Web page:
WASHINGTON – The Center for Popular Democracy (CPD) has published a report to shine a light on the dramatic misallocation of resources by the federal government and to meet the demands of the people calling for a reallocation of spending on law enforcement.
The report, entitled “Feeding the Beast: A Scope of Federal Funding for State and Local Law Enforcement,” outlines the billions of dollars in funding, equipment and other resources sent to state and local law enforcement each year. It urges Congress to heed the urgent call to defund police and shift its priorities by defunding programs that support state and local law enforcement and scaling up its funding for programs that support true public safety.
“In the midst of the ongoing and deadly pandemic that has taken over 274,000 lives, Congress continues to send billions of dollars to state and local law enforcement agencies while failing to provide basic resources for our most vulnerable and marginalized communities,” said Dmitri Holtzman, director of education and justice transformation, Center for Popular Democracy. “As calls for the defunding of the police continue to echo across the country, we are reminding congress of the dire need for investment in our communities that will keep us safe, healthy and free.”
In fiscal year 2020 alone, Congress budgeted at least $2.24 billion in funding through the Department of Justice (DOJ) for state and local law enforcement assistance. While the nation reeled from the staggering COVID-19 death toll and devastating economic impact of a mismanaged response to the virus, the country simultaneously experienced unprecedented levels of protest in the wake of yet another series of senseless killings of Black people by police. The cries for justice after the deaths of George Floyd, Breonna Taylor and so many more will not go unheard.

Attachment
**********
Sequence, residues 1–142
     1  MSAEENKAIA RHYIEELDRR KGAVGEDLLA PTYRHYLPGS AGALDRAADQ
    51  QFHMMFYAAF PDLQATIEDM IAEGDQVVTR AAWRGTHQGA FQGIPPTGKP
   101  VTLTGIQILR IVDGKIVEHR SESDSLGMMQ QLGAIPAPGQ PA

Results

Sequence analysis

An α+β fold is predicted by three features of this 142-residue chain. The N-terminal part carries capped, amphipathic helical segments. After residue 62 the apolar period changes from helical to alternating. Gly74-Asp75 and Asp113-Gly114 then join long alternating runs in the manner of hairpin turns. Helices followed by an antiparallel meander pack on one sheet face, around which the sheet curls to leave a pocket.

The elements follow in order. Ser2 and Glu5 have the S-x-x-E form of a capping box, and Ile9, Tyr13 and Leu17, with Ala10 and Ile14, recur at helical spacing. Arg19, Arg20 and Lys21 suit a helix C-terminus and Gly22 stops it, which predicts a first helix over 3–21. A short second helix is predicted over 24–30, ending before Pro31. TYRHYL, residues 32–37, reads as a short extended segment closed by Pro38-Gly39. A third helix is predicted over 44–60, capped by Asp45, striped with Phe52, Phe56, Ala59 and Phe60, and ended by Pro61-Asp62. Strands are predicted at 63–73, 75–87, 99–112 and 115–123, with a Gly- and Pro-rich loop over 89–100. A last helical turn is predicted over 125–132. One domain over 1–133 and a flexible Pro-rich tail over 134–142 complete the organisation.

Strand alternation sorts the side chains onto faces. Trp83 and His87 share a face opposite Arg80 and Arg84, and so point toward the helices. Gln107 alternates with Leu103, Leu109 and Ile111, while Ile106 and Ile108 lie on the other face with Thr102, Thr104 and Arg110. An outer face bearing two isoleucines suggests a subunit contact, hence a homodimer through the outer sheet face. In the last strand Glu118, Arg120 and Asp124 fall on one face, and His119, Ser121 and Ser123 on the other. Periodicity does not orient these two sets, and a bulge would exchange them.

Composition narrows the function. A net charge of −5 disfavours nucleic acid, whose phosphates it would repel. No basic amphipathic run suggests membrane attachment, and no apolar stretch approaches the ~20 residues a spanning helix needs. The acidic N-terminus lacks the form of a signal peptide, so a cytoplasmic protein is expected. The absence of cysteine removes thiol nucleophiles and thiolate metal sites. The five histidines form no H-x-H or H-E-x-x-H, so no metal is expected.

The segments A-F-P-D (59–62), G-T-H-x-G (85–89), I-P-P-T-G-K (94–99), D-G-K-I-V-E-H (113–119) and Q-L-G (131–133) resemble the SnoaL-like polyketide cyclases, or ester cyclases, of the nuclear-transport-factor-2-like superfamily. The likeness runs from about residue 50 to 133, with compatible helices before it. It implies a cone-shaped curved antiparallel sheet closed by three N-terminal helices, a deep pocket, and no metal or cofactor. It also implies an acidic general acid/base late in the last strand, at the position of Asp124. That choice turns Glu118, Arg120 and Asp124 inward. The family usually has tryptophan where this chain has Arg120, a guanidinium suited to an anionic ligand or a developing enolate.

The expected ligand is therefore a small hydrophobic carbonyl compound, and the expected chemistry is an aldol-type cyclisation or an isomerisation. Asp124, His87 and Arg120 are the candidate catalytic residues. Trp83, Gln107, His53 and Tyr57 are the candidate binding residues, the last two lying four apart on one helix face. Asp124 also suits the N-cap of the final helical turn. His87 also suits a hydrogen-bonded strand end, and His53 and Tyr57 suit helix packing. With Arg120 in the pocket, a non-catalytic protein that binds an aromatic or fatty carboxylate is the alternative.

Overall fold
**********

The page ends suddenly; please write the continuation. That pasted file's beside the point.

The report also highlights programs like the COPS Office, which Congress has continued to fund since 1994. A component of the Violent Crime Control and Prevention Act of 1994 (colloquially referred to as the ‘94 Crime Bill) the COPS Office has been estimated to place an additional 100,000 police officers in the country’s most vulnerable communities — commanding upwards of $19.3 billion in funding since 1994, including $343 million in 2020. This dramatic expansion of the police state has directly contributed to increased violence towards Black people at the hands of law enforcement. The report also points to the $1 billion that has been invested in school resource officers which have been proven to have disproportionately harmful impacts on Black and Brown students in schools.
“We know that billions of dollars funneled into police departments and the carceral state do not keep us safe. We know that in order for our communities to thrive we must invest in critical social services such as housing, healthcare and education to live in a society that is truly safe, healthy and free,” said Jennifer Epps Addison, CPD network president and co-executive director at CPD.
This post was originally published on Radio Free.